‘Fat’ is usually the first insult a girl throws at another girl when she wants to hurt her.
I mean, is ‘fat’ really the worst thing a human being can be? Is ‘fat’ worse than ‘vindictive’, ‘jealous’, ‘shallow’, ‘vain’, ‘boring’ or ‘cruel’? Not to me; but then, you might retort, what do I know about the pressure to be skinny? I’m not in the business of being judged on my looks, what with being a writer and earning my living by using my brain…
I went to the British Book Awards that evening. After the award ceremony I bumped into a woman I hadn’t seen for nearly three years. The first thing she said to me? ‘You’ve lost a lot of weight since the last time I saw you!’
‘Well,’ I said, slightly nonplussed, ‘the last time you saw me I’d just had a baby.’
What I felt like saying was, ‘I’ve produced my third child and my sixth novel since I last saw you. Aren’t either of those things more important, more interesting, than my size?’ But no – my waist looked smaller! Forget the kid and the book: finally, something to celebrate!
I’ve got two daughters who will have to make their way in this skinny-obsessed world, and it worries me, because I don’t want them to be empty-headed, self-obsessed, emaciated clones; I’d rather they were independent, interesting, idealistic, kind, opinionated, original, funny – a thousand things, before ‘thin’. And frankly, I’d rather they didn’t give a gust of stinking chihuahua flatulence whether the woman standing next to them has fleshier knees than they do. Let my girls be Hermiones, rather than Pansy Parkinsons.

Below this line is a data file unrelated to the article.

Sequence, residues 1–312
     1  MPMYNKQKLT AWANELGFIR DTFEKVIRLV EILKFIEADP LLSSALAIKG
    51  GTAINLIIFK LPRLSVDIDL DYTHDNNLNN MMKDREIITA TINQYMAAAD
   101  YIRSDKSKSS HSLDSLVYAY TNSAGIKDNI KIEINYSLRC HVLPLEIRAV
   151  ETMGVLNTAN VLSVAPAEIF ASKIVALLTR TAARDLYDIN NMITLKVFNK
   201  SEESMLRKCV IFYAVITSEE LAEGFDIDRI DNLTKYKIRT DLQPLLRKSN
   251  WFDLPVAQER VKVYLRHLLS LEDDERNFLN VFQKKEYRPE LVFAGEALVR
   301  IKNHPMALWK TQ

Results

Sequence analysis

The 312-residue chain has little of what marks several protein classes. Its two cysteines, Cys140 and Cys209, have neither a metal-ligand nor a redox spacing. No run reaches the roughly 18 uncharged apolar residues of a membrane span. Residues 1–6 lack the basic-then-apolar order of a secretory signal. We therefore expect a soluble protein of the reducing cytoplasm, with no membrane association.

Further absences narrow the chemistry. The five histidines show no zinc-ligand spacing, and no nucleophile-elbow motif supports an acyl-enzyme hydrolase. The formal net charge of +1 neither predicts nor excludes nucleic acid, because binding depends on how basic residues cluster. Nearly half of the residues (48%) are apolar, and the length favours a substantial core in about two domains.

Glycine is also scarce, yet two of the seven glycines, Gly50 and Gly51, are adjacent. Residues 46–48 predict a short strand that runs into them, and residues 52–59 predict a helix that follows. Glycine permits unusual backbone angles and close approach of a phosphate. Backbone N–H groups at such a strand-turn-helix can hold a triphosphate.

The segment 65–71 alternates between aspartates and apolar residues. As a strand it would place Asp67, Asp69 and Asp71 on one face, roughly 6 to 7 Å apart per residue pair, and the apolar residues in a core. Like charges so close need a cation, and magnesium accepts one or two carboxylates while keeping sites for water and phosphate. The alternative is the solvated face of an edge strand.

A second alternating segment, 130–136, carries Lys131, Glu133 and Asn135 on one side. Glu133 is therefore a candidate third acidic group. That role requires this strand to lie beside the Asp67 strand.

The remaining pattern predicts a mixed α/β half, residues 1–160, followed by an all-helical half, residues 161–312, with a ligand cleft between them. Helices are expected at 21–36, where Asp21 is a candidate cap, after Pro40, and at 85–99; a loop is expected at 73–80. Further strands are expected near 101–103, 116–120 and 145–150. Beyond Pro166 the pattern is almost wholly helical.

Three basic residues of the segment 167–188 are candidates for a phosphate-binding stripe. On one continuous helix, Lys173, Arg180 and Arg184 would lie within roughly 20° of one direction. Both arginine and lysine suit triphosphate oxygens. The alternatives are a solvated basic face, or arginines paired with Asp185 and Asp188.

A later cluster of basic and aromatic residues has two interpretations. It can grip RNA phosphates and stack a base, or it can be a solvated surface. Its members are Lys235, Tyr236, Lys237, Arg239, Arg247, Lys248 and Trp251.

People often want to “complicate” the statutory rape conversation by talking about the sexual empowerment of adolescents and this and that. These exercises in intellectual masturbation are pointless. I am not the one. I cannot do it. It’s too personal and it’s always going to be too personal. Sometimes, rules exist for a reason and this is one rule that shouldn’t be broken. Deal with it. We are not sending our children to school so they might be seduced by teacher. We send them to school to learn and socialize and begin to move out into the world to be what they’re going to be.
I was a teenager, we were all teenagers and we all felt empowered in our youthful seductions. We maybe were and we probably weren’t. We like to tell ourselves we know exactly what we’re doing, even when we don’t. I try to see both sides of the issue but frankly, on the issue of rape, I don’t give one flying fuck about nuance. Not one. I really don’t.
Suggesting that adults, and particularly teachers, have no business having sex with their students, doesn’t diminish adolescent sexual empowerment or autonomy. It’s common sense. It is decency. The power imbalance is too great. The potential repercussions are too great. Why would we tolerate such risk?